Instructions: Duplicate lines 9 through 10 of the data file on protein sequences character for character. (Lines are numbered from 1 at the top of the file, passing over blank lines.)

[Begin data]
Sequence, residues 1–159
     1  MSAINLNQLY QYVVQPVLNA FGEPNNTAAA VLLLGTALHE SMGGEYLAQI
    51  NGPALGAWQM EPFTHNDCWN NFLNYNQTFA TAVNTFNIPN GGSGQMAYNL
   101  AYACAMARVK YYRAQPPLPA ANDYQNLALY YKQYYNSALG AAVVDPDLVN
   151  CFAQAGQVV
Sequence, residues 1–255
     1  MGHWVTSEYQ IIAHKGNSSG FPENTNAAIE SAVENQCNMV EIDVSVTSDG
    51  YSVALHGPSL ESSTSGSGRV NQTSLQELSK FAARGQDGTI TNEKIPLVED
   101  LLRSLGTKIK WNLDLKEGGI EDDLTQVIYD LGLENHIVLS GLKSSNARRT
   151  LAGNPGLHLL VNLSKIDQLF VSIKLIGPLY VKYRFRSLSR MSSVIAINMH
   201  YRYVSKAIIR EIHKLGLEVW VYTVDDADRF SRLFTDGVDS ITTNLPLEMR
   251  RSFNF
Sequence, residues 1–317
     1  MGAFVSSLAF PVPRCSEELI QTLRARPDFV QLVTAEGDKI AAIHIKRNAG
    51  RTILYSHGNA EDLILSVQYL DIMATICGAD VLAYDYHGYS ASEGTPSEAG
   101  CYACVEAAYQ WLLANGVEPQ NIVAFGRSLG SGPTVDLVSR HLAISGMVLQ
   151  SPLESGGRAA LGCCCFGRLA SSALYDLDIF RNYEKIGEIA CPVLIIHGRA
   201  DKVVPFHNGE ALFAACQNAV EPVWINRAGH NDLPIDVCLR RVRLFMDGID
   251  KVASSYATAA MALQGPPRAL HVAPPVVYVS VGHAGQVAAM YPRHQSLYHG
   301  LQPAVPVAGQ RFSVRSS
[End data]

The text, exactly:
   101  LLRSLGTKIK WNLDLKEGGI EDDLTQVIYD LGLENHIVLS GLKSSNARRT
   151  LAGNPGLHLL VNLSKIDQLF VSIKLIGPLY VKYRFRSLSR MSSVIAINMH